Are you like me feeling moved by the death of David Bowie today? Perhaps you’re wondering at the media outpouring, or young enough to think he was just some old guy who used to dress weird. You could even be like David who?. I’d have to admit to being somewhat unmoved the day Elvis died, although it ruined my mum’s birthday no end. Thing is, now I understand why.
Bowie’s been present throughout my life, immeasurably creative, making it OK – indeed you better believe it cool as Clough – to be different. He produced incredible seemingly unlimited art let alone music. I had a crush on him when I was a kid. Both him and Mick Ronson who played guitar with Bowie for so long. A double whammy with their spangly pants, big hair and fuzzy Les Pauls. Let’s face it, they looked like the girls from ABBA, but with fuzzy Les Pauls. What’s not to love?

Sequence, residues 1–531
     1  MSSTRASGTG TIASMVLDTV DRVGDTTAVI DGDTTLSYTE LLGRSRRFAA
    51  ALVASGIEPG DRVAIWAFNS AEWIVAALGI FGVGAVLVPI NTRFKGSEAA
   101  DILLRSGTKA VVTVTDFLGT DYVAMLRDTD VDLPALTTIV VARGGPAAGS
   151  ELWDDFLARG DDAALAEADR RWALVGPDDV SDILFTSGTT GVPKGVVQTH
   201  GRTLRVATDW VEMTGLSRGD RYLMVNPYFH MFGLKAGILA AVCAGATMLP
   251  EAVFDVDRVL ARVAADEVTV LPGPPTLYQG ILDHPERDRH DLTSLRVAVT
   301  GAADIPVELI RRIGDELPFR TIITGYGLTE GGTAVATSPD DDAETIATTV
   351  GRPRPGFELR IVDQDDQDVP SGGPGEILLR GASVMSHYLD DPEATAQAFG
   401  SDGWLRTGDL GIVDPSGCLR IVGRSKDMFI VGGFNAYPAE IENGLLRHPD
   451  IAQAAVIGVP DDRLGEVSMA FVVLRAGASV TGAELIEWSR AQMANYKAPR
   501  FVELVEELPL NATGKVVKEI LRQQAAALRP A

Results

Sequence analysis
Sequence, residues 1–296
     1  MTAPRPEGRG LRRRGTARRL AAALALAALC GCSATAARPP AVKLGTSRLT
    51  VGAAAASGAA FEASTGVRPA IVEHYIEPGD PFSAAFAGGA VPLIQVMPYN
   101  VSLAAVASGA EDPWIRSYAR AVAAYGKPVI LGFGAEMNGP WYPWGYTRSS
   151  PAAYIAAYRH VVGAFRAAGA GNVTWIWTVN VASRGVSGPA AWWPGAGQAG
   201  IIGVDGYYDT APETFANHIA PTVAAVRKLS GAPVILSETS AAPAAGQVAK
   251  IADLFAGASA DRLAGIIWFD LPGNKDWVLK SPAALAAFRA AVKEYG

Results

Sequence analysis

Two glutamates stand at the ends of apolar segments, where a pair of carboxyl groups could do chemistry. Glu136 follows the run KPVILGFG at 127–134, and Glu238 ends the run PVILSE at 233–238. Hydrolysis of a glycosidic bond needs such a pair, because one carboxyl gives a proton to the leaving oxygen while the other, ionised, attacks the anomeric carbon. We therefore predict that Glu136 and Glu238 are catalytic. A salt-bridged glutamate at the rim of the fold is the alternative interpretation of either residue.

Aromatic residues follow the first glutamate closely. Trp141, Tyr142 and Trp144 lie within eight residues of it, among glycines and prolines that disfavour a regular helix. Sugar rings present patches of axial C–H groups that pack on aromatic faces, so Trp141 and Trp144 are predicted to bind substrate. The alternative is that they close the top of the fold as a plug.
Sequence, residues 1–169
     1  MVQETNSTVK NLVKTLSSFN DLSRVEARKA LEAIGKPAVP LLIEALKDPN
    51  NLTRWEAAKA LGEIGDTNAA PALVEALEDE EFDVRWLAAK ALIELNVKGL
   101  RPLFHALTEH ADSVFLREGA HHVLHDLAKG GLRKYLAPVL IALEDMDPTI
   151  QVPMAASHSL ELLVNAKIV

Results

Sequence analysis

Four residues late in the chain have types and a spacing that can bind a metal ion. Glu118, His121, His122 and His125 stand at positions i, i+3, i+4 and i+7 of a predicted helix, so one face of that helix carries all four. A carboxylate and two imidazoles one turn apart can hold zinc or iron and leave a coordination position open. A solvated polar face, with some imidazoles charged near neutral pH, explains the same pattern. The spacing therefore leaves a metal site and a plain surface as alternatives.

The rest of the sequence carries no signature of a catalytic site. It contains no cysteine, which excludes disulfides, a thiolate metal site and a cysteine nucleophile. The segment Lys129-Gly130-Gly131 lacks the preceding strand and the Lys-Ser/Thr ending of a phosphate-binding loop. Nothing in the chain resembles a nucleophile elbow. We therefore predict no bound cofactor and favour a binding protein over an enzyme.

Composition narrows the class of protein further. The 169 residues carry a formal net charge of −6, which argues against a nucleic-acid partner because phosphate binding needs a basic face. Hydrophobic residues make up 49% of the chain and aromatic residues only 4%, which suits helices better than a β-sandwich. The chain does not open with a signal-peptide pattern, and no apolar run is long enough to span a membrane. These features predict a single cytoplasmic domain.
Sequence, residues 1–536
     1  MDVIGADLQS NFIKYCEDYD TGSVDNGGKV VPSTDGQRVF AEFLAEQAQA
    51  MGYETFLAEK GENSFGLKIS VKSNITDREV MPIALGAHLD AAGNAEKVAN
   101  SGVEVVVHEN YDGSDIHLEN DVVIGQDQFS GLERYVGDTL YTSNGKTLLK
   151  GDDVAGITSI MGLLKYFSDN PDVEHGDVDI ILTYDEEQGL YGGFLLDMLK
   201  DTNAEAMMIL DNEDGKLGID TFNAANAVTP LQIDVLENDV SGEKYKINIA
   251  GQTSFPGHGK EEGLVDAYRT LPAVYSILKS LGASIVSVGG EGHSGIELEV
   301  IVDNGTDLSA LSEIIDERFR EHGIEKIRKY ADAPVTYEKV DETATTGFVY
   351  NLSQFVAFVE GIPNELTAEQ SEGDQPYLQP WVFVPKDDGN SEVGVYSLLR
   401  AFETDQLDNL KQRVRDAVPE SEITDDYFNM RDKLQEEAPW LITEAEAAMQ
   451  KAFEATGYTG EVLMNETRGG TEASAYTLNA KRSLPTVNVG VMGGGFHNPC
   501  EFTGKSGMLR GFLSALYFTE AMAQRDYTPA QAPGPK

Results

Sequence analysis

For many people of my generation Bowie’s longevity means he wrote the soundtrack to our lives, was the ever-changing odd-eyed face of avant-garde, both King and Queen of misfit cool. So now like the millions moved by the deaths of Elvis and Lennon et al before him, the feeling on the day of his farewell is that some part of us has died too. A part that previously spangled and sparked. Can the overnight popflop X-Factor age produce an artist capable of engendering such a reaction upon their passing? I’m not so sure. Because that was no DJ. That was hazy cosmic jive.
I’m a writer, editor, and Royal Literary Fund Fellow.
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